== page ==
Unfortunately, out-of-scope PSIs can be a major inhibitor for deployments, PCS assignments and TDYs. Personnel who fail to complete PRs in a timely manner and deploy may be denied access to classified information, including sensitive compartmented information, and returned to home station. PCS orders may be delayed or cancelled, and personnel who are TDY for training may be denied access to the course and materials and also returned to home station.

In these examples, the common factor is failing to take responsibility for personnel readiness.

So, what can you do to maintain a current security clearance and personnel readiness?

Contact your USM and determine when your last PSI was completed and keep track of when your next PR is due. A couple of weeks prior to your 60-day window contact your USM to assist you through the process. Take control of your personnel readiness and be prepared to submit your PR when the time comes.




All of this week's top headlines to your email every Friday.


 
 

 

Make time to mentor your Airmen

LUKE AIR FORCE BASE, AZ — The Air Force is comprised of Airmen with many skills and talents. The backbone to our continued success is our men and women who strive to be excellent on a daily basis. However, there are times when our focus is derailed by our own personal and professional guidelines. I was taught...
 
 

Becoming stronger through failure

ELLSWORTH AIR FORCE BASE, S.D.  — Failing the Air Force physical training test: my greatest fear since joining the military. It is embarrassing to admit recently that fear came to fruition, but what I have learned through that failure has become one of my greatest strengths. After failing, I definitely felt like a weak person for not...
 
 

Emergency Air Force aid – blessing in disguise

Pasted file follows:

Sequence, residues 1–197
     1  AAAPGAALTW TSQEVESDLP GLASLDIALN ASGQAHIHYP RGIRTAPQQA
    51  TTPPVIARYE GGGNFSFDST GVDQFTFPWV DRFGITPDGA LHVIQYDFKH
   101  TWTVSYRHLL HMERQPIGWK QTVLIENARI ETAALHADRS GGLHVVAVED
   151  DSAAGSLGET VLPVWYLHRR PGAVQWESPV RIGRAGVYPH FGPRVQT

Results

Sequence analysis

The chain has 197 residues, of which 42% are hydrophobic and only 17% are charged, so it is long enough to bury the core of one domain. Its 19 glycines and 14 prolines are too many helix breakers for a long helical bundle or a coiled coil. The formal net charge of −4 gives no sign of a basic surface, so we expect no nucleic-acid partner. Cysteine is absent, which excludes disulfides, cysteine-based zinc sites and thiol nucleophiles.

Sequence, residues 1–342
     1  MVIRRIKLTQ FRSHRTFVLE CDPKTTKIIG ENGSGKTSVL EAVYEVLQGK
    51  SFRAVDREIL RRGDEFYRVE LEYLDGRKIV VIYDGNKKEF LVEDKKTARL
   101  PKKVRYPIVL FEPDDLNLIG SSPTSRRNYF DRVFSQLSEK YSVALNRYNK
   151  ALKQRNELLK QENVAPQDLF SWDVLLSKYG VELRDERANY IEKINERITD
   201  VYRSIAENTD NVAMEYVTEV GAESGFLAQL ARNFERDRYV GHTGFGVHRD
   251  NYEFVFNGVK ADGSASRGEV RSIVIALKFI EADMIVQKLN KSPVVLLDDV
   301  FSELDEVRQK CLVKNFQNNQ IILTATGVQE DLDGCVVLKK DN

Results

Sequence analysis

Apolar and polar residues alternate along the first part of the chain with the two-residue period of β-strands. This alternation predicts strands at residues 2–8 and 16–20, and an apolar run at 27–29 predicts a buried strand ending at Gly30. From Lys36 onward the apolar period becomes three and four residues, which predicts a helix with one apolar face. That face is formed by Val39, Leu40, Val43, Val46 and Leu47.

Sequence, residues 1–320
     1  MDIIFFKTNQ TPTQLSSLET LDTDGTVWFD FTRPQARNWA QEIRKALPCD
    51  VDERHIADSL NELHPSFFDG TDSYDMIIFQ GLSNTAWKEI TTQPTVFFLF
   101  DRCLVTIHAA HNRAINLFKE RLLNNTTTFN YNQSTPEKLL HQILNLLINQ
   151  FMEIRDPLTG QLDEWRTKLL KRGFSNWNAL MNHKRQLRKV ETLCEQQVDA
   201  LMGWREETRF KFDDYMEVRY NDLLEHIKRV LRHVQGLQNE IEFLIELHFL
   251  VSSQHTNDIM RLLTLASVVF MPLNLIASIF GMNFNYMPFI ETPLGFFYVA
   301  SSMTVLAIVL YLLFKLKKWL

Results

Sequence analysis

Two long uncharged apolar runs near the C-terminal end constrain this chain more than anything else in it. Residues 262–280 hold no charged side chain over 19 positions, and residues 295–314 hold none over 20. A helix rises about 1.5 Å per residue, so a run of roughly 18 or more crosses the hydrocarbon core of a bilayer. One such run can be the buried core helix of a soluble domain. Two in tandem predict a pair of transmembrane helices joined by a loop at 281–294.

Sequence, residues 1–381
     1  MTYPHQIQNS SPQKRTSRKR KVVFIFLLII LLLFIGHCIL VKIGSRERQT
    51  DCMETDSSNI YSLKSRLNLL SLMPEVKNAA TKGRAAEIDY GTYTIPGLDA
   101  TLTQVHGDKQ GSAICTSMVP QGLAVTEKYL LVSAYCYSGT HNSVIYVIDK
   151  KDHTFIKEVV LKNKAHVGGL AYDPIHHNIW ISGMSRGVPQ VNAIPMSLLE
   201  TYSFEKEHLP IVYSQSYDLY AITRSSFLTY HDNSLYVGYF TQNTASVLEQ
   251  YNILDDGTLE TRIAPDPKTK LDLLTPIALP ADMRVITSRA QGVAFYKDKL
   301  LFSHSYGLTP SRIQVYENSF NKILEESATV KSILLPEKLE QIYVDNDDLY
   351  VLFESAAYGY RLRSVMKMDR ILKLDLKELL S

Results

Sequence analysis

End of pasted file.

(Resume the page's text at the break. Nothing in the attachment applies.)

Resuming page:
ELLSWORTH AIR FORCE BASE, S.D.  — During the month of February, plans to have a little fun on a warm Sunday afternoon came to a screeching halt when the front left wheel of my husband’s truck started to come loose. Had we continued driving that day, our trip may have ended in disaster. By the...
 

 

Financial readiness equals mission readiness

FORT GEORGE G. MEADE, Md. (AFNS)  As a long-time military spouse, I have held various jobs – and I know many of you can relate. I served as a military and family life counselor at an Airman and Family Readiness Center and had the privilege of working with fellow military families to create budgets, develop...
 
 

Button your lip! Loose talk can cost lives

NELLIS AIR FORCE BASE, Nev. — “Button your lip! Loose talk can cost lives,” was an operations security propaganda phrase used during World War II which still rings true today. It now goes beyond just buttoning your lips to include “zipping up” your social media sites. Safe web-browsing practices and OPSEC awareness are the best mitigation strategies...
 
 

Bring ‘invisible class’ into view

LUKE AIR FORCE BASE, Ariz. — When I was a young boy, my father explained to me that there was dignity in work. He told me to always respect the worker regardless of how thankless or menial their job may appear to be. He said that you never know the burdens a person may be carrying, or...
 




0 Comments


Be the first to comment!


Leave a Reply

Your email address will not be published. Required fields are marked *

You may use these HTML tags and attributes: <a href="" title=""> <abbr title=""> <acronym title=""> <b> <blockquote cite=""> <cite> <code> <del datetime=""> <em> <i> <q cite=""> <strike> <strong>


Directory powered by Business Directory Plugin